The quest for an Ukrainian Catholic Patriarchate

/by Victor J. Pospishil and Hryhor M. Luznycky Philadelphia 1971/

The author, V. J. Pospishil, in four articles of this brochure discusses the canonic aspects of the Major Archiepiscopate and the Patriarchate, and prof. H. M. Luznycky the historical aspects of the same subjects. The introduction to this brochure is written by Bishop Basil Losten, but the brochure is sponsored by an unfamiliar “Ukrainian Publications” of 820 N. Franklin St., and not the Metropolitan’s Office. Because of the absence of complete identification of the publisher, it is not clear whether the authors express only their own views or to what extent they reflect the position of the Metropolia. The brochure is significant in that it provides a direct answer to many unclairified aspects of the contemporary movement for the Patriarchate by placing these aspects in the light of Church canons and historical perspectives. The value of this brochure should be established with respect to internal matters and external relationship of the Ukrainian Catholic Church.

Concerning internal Ukrainian affairs, the movement for the Patriarchate clearly is given the platform of an ecclesiastical law. From Father Pospishil’s interpretation of these laws, there is obtained certain degree of assurance for independence of the Ukrainian Catholic Church. The attempt of the author to remain loyal to the ruling body in the Vatican and at the same time, to attain a maximum of rights for the Ukrainian Catholic Church, places the author in a self-initiated irreconcilability. However, the work of the author seems to present the Philadelphia Metropolia in a more favorable relationship to the movement of the Patriarchate i-n comparison to its undefined position concerning the Patriarchate two years ago.

Father Pospishil first criticizes the so-called territorial principle concerning the Patriarchate, exposes the expansion of latinism in the territories of the Eastern Churches, affirms that the decrees of the Second Vatican Council are ignored, and acknowledges the legality of the Ukrainian Catholic Church Synods. Advocating maximum extension of rights of the Major Archiepiscopate for the whole of the Ukrainian Rite regardless of territorial boundaries, the author intends to be content, because it appears that the right to give us a Patriarchate is held only by the Pope. Following this, the author presents some positive resolutions for the Ukrainian Catholic Church. He truthfully explains the national and political motivation of the movement for the Patriarchate, criticizes the lack of. recognition of the Synods by Cardinal Fuerstenberg, and negatively evaluates the representation of the Ukrainian Catholic Church by three metropolitans at the Papal Synod of Bishops, where there should have been only one representative – the head of our Ukrainian Catholic Church. It is evident that even these modest terms presented in the brochure will never have consent from the Vatican Curia.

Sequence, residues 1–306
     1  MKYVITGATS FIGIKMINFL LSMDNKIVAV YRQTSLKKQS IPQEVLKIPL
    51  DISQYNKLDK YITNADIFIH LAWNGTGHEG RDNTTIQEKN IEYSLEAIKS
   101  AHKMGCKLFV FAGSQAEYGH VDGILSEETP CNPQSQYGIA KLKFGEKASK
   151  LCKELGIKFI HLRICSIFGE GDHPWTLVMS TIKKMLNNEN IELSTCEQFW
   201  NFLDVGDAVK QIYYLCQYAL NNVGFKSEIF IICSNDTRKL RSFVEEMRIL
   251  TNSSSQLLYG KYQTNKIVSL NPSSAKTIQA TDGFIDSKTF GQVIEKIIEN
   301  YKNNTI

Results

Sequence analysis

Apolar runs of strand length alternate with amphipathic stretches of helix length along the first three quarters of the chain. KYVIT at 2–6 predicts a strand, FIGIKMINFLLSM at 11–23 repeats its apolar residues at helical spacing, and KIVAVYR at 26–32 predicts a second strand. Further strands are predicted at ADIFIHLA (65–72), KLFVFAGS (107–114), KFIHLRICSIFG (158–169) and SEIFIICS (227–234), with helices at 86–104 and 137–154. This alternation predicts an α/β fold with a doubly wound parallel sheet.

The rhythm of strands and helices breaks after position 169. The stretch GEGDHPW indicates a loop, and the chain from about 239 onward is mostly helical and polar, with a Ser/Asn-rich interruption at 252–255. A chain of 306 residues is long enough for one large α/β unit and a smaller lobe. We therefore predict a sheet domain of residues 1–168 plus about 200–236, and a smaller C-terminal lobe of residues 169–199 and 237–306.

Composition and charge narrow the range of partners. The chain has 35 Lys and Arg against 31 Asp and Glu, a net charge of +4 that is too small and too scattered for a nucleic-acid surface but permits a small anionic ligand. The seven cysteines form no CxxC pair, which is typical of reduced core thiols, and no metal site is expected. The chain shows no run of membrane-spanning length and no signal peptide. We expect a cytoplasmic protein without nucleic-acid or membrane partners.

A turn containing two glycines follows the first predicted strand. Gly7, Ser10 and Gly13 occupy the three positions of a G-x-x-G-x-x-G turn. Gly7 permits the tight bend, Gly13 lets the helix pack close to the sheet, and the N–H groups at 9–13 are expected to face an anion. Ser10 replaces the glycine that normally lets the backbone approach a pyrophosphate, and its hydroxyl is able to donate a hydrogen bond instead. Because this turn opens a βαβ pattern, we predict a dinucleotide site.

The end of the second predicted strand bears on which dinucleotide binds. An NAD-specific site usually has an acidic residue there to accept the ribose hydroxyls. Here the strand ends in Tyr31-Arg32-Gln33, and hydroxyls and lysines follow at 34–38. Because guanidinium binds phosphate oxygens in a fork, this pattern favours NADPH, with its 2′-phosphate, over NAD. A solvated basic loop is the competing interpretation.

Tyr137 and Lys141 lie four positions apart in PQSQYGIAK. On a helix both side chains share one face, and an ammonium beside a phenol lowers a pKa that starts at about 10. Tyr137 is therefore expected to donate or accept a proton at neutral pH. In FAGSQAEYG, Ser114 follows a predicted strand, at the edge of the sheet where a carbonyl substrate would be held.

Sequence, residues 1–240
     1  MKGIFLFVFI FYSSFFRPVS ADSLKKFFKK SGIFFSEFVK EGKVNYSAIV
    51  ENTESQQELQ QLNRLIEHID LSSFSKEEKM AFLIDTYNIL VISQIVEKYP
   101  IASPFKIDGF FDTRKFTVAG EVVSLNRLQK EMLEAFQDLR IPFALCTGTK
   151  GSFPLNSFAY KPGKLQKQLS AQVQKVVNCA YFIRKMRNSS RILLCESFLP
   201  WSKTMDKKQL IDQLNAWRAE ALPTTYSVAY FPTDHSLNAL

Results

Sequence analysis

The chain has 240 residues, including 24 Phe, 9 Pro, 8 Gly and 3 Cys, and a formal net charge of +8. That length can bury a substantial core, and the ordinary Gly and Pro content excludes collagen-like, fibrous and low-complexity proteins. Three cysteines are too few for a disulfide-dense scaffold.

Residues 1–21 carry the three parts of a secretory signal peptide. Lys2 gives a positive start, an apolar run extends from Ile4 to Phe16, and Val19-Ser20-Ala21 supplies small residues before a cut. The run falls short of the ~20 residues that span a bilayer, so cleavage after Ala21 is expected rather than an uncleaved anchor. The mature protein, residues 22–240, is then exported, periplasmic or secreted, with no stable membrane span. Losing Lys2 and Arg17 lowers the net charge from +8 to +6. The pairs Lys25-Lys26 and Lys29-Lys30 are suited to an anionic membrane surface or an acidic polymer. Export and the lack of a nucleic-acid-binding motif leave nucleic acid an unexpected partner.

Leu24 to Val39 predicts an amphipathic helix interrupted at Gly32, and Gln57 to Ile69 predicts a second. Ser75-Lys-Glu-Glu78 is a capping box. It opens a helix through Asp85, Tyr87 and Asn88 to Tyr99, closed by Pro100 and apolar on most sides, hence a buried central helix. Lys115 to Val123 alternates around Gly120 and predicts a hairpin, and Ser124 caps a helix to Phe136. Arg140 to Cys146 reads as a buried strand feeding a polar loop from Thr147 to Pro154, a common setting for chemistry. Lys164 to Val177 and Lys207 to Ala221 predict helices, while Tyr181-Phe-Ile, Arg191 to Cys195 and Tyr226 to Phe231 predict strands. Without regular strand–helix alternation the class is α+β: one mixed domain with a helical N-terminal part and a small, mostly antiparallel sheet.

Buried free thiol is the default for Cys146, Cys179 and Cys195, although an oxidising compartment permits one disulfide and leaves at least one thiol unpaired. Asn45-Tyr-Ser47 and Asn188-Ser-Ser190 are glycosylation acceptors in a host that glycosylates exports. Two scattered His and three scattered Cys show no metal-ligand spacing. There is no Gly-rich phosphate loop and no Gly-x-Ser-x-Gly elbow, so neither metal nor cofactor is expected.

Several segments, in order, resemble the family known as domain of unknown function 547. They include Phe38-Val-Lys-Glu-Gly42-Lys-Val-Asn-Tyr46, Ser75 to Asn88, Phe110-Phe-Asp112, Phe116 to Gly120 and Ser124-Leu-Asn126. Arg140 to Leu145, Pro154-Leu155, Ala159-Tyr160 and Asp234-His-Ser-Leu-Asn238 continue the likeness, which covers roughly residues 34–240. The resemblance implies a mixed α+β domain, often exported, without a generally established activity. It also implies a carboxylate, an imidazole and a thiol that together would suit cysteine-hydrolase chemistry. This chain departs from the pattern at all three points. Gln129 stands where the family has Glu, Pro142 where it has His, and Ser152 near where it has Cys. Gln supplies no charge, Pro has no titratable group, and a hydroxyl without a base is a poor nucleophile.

Concerning the external political aspects of the Ukrainian Catholic Church Father Pospishil’s presentation and conclusions are unconvincing, minimal and weak in comparison to what has been published on this subject by prof. M. Chubatyj, prof. B. Markus, and Father G. Maloney. Self-contradictions decrease the value of this work in the eyes of critical non-Ukrainian readers (and this brochure is designed primarily for them) and because of this, the Patriarchal movement, which the author tries to defend, is harmed. When the author at one point establishes the legality of the Synod, later criticizes Cardinal Fuerstenberg for not recognizing the Synod and then asserts that the Synod has no right to nominate its own bishops, then the credibility of such a work is in doubt. An obvious loyalty to the sway of the Eastern Congragation, to the two challenged nominations of bishops, and personal criticism of, the Archbishop Major (this criticism has reached epidemic proportions now), all this constitutes a category highly debatable, arbitrary, and non-canonical in nature.

The following is a critique of Monsgr. Pospishil’s position written by Father G. Maloney with marginal notes by Eva Piddubcheshen.

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